What Are Stars Made Of? The Chemical Composition of the Stars
Last Updated: March 21, 2022
Stars are the fundamental building blocks of the universe and are responsible for creating most of the elements. Many stars consist of 73% hydrogen, 25% helium and 2% other elements. Stars create the elements. How do they do so and what other elements are stars made of?
How it all began
When the universe was formed during the Big Bang, a hot dense sphere of hydrogen, helium, and trace amounts of lithium and beryllium was formed. This enormous sphere of dust and gas expanded and cooled until the hydrogen and helium atoms began to attract each other gravitationally. Turbulence within the clouds aided in the formation of dense regions and less dense regions. Materials in the centers of the dense regions began to heat up and form protostars. As the collapse continued, these hot dense cores formed stars. The remaining materials either coalesced into planets, asteroids or comets or stayed as regions of gas and dust. The first stars to form after the Big Bang were composed of 73% hydrogen and 25% helium.
As stars age, they undergo nuclear fusion (aka thermonuclear fusion) creating many of the elements that make up our universe. Of the 116 known elements, only 98 occur naturally (atomic numbers 1-98) and 10 of those naturally occurring elements occur in trace amounts. Boron (atomic number 5) to iron (atomic number 26) were formed by fusion in the cores of stars. The remaining naturally occurring elements were formed in nuclear reactions and in supernovas. The other 26 elements are man-made and result from the development of nuclear power plants and particle accelerators.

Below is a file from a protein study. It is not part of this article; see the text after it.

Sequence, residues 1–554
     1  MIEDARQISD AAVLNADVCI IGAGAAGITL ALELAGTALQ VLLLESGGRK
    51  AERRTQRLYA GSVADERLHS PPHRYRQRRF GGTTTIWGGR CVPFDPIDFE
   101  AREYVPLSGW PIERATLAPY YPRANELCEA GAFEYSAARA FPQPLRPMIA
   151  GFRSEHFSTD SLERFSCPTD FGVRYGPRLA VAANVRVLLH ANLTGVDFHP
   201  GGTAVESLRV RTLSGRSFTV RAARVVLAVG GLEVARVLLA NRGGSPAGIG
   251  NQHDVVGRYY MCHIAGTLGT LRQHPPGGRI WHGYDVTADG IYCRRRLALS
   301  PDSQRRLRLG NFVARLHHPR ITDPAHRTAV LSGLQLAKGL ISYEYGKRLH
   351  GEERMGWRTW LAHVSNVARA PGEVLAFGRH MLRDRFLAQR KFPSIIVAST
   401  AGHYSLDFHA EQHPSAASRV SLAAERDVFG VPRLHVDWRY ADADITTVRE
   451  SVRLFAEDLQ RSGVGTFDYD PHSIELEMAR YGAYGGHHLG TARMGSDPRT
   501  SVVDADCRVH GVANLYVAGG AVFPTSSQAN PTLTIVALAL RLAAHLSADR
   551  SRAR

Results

The different layers of the Sun. Credits: Kelvin Song
How do stars make elements?
Stars change over time and their masses and ages determine how much energy they can produce and how quickly. The Hertzsprung-Russell Diagram (or HR Diagram) describes star classifications and stellar evolution. Stars are composed of many temperatures and pressure layers, which may produce different elements.
Main sequence stars are relatively young stars that contribute ~95% of the stars in the universe. These stars fuse hydrogen into helium and generate great amounts of energy. Main sequence stars age differently according to their size.
Whilst the Sun is indeed very hot, in terms of the rest of the temperatures the photosphere is the coolest part of the star itself, with its highest layers only reaching around 3,700°C (6,700°F).
When main-sequence stars with masses of ~0.25 Solar masses exhaust their supplies of hydrogen, they collapse into white dwarfs. White dwarfs consist mostly of carbon and oxygen. White dwarfs may accrete hydrogen and helium from the outer layers of other nearby stars. If enough hydrogen and helium build-up, the temperature and pressure of the accreted materials may generate high enough temperatures for thermonuclear fusion. The resulting nova is extremely bright for a short period of time. The cycle of accretion and explosion may repeat or it may result in the complete destruction of the white dwarf.
When main-sequence stars with masses from ~0.25-10 Solar masses fuse all of the hydrogens in their cores into helium, their cores begin to collapse. The collapse increases the core’s temperature. Hydrogen outside the core continues to undergo hydrogen fusion, causing the star to expand and cool into a red giant. Inside a red giant, thermonuclear fusion converts hydrogen to helium and helium to carbon.